3c. Inverse trigonometric type functions

  • $\displaystyle \frac1{T^{-1}(x)}$. Proof sketch: (8). (1)

  • $\displaystyle \frac{T^{-1}(x)}{x}$ and $\displaystyle \frac{x}{T^{-1}(x)}$. (1)

  • $T^{-1}(e^x)$ and $T^{-1}(\ln x)$. (1)

  • $\displaystyle e^{\sin^{-1}\ln x}$ and $\displaystyle e^{\cos^{-1}\ln x}$. (1)

  • $\displaystyle e^{\tan^{-1} x}$. (1)

  • $T^{-1}(x^2)$, where $T^{-1}\ne \tan^{-1} x$. (1)

References and abbreviations

  1. Hubpages - List of Functions Without Antiderivatives.
  1. UCR - Functions with nonelementary indefinite integrals.
  1. Sosmath
  1. Mathworld
  1. Nijimbere - Evaluation Of Some Non-Elementary Integrals Involving Sine, Cosine, Exponential And Logarithmic Integrals: Part I.
  1. Nijimbere - Evaluation of the non-elementary integral $\int e^{λx^α} dx$,$α≥2$, and other related integrals.
  1. Dharmendra Kumar Yadav - A Study on Nonelementary Functions
  1. MSE question 265780.
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  • $\begingroup$ Some algebraic functions surprise us by having elementary antiderivatives, e.g., $\int{6x\,dx\over\sqrt{x^4+4x^3-6x^2+4x+1}}$ is $\log(x^6+12x^5+45x^4+44x^3-33x^2+43+(x^4+10x^3+30x^2+22x-11)\sqrt{x^4+4x^3-6x^2+4x+1})$. See Alfred J van der Poorten and Xuan Chuong Tran, Quasi-elliptic integrals and periodic continued fractions, Monatshefte Math 131 (2000) 155-169. $\endgroup$ Jun 19, 2022 at 7:49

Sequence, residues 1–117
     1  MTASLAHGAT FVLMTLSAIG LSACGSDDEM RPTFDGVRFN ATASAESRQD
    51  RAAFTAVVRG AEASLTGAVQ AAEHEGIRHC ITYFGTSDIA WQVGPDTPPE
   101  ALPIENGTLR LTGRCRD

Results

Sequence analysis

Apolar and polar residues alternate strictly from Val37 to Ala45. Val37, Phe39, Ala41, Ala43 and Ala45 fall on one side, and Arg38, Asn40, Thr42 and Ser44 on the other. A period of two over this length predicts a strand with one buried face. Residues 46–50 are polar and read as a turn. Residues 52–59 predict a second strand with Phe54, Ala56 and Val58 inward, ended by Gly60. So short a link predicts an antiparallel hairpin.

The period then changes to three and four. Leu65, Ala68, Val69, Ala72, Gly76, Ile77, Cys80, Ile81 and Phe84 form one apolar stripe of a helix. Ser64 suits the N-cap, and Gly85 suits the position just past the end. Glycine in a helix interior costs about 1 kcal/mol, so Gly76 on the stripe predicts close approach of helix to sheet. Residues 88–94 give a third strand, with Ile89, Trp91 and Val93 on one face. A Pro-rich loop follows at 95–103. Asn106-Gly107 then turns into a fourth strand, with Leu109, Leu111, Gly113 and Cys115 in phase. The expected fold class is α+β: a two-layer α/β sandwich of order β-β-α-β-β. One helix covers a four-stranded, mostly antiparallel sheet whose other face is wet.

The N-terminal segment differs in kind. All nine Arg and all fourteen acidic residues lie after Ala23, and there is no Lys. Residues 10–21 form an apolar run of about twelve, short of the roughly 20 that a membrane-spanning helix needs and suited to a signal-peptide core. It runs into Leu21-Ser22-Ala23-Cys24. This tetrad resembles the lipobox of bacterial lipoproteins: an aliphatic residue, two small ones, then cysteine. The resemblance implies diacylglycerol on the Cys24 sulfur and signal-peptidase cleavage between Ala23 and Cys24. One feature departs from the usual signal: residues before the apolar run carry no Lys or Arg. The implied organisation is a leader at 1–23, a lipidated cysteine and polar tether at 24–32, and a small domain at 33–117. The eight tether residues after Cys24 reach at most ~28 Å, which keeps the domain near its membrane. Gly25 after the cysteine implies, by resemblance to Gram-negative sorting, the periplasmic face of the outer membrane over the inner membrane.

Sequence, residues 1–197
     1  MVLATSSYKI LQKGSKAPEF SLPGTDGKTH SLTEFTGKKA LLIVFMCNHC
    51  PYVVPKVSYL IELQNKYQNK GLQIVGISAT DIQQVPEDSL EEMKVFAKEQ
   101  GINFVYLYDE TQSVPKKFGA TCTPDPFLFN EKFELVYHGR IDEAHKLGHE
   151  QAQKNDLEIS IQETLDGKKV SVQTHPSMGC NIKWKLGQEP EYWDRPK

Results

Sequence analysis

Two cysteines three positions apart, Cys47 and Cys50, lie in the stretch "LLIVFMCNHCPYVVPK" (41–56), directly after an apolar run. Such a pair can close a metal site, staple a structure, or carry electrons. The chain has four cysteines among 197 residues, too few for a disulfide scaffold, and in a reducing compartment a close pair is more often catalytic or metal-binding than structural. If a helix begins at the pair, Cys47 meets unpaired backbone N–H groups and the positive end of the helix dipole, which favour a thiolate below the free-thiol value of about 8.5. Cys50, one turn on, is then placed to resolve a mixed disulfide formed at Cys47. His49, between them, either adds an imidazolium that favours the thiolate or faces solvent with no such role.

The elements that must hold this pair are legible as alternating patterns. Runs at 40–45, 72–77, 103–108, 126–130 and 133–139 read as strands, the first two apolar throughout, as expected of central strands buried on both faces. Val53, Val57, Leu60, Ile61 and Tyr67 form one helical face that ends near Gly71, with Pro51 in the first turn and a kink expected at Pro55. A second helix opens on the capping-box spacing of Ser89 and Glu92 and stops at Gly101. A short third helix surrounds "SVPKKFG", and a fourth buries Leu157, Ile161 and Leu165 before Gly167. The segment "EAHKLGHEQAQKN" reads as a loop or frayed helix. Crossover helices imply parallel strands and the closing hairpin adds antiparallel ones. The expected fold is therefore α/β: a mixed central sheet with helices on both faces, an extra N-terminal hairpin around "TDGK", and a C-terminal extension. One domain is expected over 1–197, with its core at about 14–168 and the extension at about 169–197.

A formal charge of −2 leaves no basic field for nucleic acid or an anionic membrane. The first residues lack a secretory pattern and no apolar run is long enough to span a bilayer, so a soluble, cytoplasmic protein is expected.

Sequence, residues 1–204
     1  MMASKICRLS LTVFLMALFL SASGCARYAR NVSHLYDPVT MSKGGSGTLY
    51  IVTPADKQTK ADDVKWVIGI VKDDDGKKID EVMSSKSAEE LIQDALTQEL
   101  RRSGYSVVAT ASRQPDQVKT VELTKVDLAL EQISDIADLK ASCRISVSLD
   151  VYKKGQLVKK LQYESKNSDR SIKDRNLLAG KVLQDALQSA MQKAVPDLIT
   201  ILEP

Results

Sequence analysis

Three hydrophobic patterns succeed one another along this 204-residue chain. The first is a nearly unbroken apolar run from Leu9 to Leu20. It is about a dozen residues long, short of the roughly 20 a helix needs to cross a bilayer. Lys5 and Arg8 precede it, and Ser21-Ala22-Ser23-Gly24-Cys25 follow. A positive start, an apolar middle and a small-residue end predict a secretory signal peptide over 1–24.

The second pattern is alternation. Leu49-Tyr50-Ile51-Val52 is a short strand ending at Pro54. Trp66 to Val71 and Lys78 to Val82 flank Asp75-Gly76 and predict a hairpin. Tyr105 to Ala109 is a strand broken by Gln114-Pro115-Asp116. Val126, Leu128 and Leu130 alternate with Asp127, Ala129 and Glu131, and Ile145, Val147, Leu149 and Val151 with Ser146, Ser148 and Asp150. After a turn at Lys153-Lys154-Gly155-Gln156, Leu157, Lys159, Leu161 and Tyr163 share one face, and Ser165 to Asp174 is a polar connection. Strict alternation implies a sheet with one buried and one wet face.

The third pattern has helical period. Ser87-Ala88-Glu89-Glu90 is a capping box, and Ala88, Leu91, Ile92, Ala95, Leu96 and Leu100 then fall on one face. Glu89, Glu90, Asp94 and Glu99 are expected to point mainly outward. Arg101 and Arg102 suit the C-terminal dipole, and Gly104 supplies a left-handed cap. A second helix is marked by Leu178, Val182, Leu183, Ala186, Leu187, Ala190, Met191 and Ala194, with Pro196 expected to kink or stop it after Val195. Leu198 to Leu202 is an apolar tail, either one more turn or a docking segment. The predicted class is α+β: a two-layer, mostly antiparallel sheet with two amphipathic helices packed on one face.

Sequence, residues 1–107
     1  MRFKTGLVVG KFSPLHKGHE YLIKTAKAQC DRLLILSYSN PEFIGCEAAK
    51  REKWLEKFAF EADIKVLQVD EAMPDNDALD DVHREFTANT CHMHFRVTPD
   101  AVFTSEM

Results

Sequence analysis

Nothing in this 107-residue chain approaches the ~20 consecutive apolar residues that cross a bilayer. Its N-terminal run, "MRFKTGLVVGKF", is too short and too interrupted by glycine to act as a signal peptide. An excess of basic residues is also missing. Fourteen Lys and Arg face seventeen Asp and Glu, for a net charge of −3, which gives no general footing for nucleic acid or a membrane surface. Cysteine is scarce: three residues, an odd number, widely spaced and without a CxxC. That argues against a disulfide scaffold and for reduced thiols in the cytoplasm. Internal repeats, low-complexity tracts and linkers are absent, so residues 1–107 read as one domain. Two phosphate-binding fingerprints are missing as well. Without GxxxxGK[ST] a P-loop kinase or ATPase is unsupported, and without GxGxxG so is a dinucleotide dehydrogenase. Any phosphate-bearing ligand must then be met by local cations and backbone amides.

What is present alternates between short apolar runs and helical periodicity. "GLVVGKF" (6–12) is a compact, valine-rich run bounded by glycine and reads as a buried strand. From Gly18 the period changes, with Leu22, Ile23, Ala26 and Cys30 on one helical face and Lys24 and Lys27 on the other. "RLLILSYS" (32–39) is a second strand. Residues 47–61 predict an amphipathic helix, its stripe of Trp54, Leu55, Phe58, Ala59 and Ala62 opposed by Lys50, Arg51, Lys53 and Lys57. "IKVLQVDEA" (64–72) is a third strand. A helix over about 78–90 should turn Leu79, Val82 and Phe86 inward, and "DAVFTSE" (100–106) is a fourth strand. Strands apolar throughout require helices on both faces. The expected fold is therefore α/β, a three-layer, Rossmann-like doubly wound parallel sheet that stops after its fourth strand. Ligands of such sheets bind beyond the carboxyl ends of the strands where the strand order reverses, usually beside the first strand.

• $\begingroup$ I don't get $\log(p(x)+q(x))$ with $p,q$ polynomials. Then $p+q=r$, say, is also a polynomial, and integration by parts gives $\int\log(r(x))\,dx=x\log(r(x))-\int{xr'(x)\over r(x)}\,dx$, integral of a rational function. $\endgroup$ Jun 19, 2022 at 8:02
  • $\begingroup$ ${p(x)+e^x\over q(x)+e^x}$ needs the condition $p\ne q$. It's not clear to me whether $T(x)$ is allowed to be $\sec x$; if so, then exceptions need to be made for ${x\over T(x)}$. $\endgroup$ Jun 19, 2022 at 8:09
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The reference below treats as example six different classes of simple nonelementary integrals.

Yadav, D. K.: A Study of Indefinite Nonintegrable Functions. PhD thesis, Vinoba Bhave University, India, 2012

Yadav, D. K.: Six Conjectures in Integral Calculus. 2016

Yadav, D. K.: Six Conjectures on Indefinite Nonintegrable Functions or Nonelementary Functions. 2016